Cavs softball battles weather, opponents to start strong

Tom Flynn
Special to Black Mountain News
Montreat College junior Kelsey Nolasco has been the most versatile player for the Cavs so far this season.

When asked how the 2019 version of the Montreat softball team looks so far, seventh-year head coach Heather Maston didn’t lack for descriptors.

“They’re putting the ball in play, they’re hitting the ball hard, and they’re scrappy,” said Maston. “This year I’m seeing that they’re scrappier than they’ve been in the past. They’re fighting. They’re pushing to take a lead back if they lose a lead. If they give somebody a run, they say ‘Okay, let’s go get four.’”

The result was an even 9-9 record through 18 games this season against notably high-caliber competition.

It’s also come with 16 of those games on the road and two “home” games played at Marion’s Big League Camp due to field conditions at Roxy Hines Field at Montreat’s Black Mountain campus.

The Cavs roster features players from across the country, as well as a healthy concentration of players from near at hand.

Juniors Aly Woody, Liana Elliott, and Mikki Shelton are all starters and attended nearby McDowell High School. Outfielder Bree Powell is from Belmont, North Carolina near Charlotte, and pitcher Josie Harris is from Asheville’s A.C. Reynolds High School.

“Liana is probably one of the surprises this year,” said Maston. “She is playing some first base and outfield this year and she’s hitting the ball really well.”

Elliott had 15 RBIs to lead the squad through March 7. The junior had a spectacular, Willie Mays-esque catch in the outfield in the Appalachian Athletic Conference tournament last spring that helped preserve a win and make the Cavs one of the tournament’s surprises. That momentum has carried into this spring.

Junior Mikki Shelton is one of three Cavs starters who attended McDowell High School in Marion.

Augmenting the local talent are standouts Cailin Warner and Kelsey Nolasco. Nolasco, the team’s most versatile player, hails from Casa Grande, Arizona and Warner, the Cavs’ top pitcher, is from Portland, Oregon. Maston recruited both at a Fastpitch Triple Crown showcase in Las Vegas that she attends each fall.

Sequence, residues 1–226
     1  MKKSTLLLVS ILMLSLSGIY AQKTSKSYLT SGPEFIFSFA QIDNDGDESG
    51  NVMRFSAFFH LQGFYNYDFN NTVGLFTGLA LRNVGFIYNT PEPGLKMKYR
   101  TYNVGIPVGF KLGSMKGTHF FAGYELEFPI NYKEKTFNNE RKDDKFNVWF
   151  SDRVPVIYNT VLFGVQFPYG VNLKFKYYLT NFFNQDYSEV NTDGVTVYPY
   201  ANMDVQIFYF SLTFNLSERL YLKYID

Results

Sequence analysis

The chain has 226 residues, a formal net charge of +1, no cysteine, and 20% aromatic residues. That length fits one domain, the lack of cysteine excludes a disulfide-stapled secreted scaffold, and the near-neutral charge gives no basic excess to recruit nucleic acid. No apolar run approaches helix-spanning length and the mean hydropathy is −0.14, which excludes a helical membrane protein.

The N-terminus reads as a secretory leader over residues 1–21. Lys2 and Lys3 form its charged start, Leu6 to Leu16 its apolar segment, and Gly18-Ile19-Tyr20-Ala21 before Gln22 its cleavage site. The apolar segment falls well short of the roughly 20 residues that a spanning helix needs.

“What we find is that a lot of kids out west want to come east; they want to see the other side of the country,” said Maston, in describing the appeal of the college and region to potential recruits. “It’s a beautiful area, and our programs at Montreat are strong. Kelsey is majoring in elementary education, and Cailin in environmental studies. Those are two big majors, along with business, that are really appealing to those kids.”

The coach can also promise the potential recruits that they will play a challenging schedule each spring. The result is often an underwhelming record, but a strong team.

Last year, the team went 18-32, but played a host of NCAA DII teams that prepared them for a solid showing in the AAC Tournament.

After two wins, they exited the tourney on a narrow 2-1 loss to a Truett McConnell (Ga.) team that captured the conference championship, posted a 43-17 record on the season, and went on to win three games in the opening round of the NAIA Softball National Championships before exiting the field.

Another factor in the team’s favor is they often develop late in the season due to the typically cold weather that marks late winter-early spring in the Swannanoa Valley.

This year, they’ll gain an added tailwind from the return to health of Abby Swilley and Ronnie Ellis, two impact players that have been hamstrung by injuries early this season. Beginning last Friday, the Cavs also began a homestand of 15 games that will extend out through March 26.

“We do go south early because we’re trying to chase warm weather. But it’s also competition; they’re tough teams,” said Maston in describing the start to the Cavs’ 2019 season against southern opponents. “We were on the field a total of two hours before we played our first game this year.  When we got back in January, I think we were out one day for an hour and it got so cold, I said ‘we’re done.’

“And then we were able to get out one other time for about an hour until the sun went down and it was too miserable. Our practices are our games in February. And the girls are working hard, and I’ve seen a huge improvement from that first year from when we started scheduling these teams to this year.”